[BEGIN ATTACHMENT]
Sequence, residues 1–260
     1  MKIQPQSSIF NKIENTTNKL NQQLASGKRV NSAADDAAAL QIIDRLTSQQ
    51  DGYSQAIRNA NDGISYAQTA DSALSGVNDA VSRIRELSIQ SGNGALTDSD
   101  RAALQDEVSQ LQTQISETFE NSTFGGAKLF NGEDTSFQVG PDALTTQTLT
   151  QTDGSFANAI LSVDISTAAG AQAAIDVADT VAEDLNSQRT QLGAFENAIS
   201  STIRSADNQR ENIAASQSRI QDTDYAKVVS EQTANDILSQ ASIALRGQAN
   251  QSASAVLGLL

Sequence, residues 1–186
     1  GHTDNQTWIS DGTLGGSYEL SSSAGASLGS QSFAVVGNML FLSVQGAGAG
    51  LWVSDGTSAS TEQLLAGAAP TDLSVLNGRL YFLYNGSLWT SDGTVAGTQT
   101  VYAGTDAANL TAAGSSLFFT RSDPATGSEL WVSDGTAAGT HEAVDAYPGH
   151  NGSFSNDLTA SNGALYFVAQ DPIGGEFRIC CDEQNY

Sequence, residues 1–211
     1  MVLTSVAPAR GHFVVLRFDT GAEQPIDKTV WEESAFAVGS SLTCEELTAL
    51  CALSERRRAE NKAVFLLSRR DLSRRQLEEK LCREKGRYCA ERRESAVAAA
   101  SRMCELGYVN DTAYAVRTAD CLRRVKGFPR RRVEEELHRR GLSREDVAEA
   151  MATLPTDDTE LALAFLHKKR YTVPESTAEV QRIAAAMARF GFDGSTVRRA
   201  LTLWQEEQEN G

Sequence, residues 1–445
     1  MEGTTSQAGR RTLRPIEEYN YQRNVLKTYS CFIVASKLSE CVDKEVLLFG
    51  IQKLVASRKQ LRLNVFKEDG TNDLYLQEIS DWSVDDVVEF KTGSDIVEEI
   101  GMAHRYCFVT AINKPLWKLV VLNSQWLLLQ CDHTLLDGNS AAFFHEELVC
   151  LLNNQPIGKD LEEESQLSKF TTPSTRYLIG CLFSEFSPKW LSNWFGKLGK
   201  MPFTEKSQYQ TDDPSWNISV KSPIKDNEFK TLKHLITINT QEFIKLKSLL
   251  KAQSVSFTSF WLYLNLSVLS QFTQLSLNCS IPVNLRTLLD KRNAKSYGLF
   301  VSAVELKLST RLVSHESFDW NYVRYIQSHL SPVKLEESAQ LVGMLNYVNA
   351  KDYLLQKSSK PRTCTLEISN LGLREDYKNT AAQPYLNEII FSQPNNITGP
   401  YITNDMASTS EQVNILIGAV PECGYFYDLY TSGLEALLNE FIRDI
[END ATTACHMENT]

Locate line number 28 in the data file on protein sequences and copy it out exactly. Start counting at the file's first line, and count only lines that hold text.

   401  YITNDMASTS EQVNILIGAV PECGYFYDLY TSGLEALLNE FIRDI